By John Lee.
It's something many academics and Maliki observers have long feared: that if cornered, Maliki would use loyalist Iraqi forces, in particular the Iraqi Special Operations Forces, to hold onto power.
Instead, The Wall Street Journal have reported that Maliki has pledged to pursue his fight to retain the top spot through the courts, something analysts say is looking increasingly unfeasible.
Several prominent Iraq observers, including Reidar Visser and Kirk Sowell have noted for some time that Maliki's days are well and truly numbered.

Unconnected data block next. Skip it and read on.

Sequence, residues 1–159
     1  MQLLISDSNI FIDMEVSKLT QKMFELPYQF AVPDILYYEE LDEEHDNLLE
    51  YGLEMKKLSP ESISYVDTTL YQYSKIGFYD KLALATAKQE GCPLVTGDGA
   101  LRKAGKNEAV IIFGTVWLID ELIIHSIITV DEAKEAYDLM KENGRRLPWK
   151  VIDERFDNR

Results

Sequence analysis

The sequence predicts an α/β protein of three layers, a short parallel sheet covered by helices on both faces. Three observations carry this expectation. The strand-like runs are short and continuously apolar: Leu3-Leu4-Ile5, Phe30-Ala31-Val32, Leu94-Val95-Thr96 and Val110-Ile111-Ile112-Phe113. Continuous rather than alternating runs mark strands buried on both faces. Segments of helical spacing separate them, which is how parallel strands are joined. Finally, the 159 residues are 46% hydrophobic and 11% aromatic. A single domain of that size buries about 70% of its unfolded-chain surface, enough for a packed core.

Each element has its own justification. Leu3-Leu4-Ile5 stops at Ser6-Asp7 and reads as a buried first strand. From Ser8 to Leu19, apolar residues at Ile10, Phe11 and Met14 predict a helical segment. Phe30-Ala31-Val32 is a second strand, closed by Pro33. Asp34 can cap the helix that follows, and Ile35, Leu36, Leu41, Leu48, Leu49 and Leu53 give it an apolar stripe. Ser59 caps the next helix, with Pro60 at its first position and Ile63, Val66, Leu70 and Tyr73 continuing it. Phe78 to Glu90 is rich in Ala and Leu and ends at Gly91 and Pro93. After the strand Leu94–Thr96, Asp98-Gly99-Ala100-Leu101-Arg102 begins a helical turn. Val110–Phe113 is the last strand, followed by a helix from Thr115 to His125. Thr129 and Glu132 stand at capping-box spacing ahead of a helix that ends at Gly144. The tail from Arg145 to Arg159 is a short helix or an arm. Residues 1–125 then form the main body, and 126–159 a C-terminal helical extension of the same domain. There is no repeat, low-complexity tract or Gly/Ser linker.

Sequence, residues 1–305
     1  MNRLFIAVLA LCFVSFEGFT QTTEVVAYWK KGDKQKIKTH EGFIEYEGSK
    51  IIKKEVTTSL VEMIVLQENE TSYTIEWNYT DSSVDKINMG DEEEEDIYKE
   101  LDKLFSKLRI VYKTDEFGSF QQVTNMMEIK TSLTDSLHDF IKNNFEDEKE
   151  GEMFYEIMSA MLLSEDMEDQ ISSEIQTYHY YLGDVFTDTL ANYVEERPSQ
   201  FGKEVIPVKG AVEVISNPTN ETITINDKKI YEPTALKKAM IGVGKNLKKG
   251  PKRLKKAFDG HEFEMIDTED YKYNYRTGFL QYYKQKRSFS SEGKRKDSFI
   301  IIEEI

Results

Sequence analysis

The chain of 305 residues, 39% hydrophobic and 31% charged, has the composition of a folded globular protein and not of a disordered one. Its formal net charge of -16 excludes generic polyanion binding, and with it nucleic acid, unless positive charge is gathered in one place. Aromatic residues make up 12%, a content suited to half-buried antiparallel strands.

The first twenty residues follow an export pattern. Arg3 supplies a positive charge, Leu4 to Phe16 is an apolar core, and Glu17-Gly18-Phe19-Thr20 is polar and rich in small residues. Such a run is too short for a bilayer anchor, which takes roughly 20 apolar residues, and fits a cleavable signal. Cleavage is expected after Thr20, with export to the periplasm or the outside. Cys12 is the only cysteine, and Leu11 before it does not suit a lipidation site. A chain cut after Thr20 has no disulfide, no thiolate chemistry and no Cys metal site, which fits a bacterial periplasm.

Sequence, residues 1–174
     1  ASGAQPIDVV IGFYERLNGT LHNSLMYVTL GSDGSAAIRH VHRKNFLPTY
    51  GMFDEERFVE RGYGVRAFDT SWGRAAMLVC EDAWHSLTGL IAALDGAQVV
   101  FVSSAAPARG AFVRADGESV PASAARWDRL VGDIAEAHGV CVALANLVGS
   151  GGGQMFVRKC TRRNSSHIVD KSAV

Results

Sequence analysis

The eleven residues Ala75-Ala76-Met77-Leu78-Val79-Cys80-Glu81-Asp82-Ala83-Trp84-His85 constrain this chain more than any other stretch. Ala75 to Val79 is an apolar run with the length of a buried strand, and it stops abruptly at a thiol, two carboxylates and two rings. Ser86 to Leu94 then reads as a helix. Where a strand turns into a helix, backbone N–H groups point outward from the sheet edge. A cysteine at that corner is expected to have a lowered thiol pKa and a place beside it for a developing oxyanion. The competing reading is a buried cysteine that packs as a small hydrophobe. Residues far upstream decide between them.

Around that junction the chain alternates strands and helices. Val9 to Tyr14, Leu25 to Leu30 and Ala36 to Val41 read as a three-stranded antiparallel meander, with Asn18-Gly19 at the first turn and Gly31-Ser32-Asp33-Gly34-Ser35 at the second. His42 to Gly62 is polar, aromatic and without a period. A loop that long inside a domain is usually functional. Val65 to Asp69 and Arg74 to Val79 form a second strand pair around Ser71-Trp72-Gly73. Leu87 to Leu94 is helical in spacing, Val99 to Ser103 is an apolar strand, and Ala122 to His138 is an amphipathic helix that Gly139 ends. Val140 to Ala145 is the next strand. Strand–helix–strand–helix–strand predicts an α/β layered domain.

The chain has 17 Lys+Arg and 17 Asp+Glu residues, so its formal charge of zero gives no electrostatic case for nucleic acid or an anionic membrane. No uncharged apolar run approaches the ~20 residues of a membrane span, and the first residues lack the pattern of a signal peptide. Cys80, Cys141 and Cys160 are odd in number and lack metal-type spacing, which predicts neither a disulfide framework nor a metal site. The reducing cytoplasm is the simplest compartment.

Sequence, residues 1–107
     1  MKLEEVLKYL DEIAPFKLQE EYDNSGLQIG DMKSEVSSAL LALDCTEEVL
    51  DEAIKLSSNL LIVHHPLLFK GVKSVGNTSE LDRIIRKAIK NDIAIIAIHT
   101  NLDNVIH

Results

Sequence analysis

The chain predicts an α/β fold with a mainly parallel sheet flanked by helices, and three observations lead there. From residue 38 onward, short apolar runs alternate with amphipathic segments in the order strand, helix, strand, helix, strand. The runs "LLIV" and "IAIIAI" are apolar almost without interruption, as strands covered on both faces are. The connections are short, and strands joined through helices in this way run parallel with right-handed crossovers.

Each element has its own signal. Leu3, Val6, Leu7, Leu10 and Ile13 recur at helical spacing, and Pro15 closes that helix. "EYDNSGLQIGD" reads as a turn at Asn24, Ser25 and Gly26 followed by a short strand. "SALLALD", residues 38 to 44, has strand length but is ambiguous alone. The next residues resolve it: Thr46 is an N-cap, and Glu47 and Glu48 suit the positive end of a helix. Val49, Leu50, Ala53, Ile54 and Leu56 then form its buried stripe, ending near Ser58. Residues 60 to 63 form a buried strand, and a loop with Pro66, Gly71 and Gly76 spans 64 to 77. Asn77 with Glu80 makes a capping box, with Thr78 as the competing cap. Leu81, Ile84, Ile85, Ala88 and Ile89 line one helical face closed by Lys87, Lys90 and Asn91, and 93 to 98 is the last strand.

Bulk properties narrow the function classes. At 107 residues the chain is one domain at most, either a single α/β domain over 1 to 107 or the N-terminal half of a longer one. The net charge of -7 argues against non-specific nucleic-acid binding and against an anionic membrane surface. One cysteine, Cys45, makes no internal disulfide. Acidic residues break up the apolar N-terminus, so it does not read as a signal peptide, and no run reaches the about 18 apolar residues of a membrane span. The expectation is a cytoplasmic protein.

It's an assessment which has looked increasingly sound as former Maliki loyalists have jumped ship, including some prominent ex-allies of the PM.
Furthermore, outside of Iraq both Iran and the United States have signaled their patience with Maliki has run out, and crucially the highest clerical authority in Iraq, Grand Ayatollah Ali-al-Sistani has signaled his discontent with the outgoing PM.
Maliki has called President Fouad Massoum's nomination "unconstitutional" and vowed to continue holding on to the PM position, however he has noted that he will step down "for the unity of Iraq" if necessary.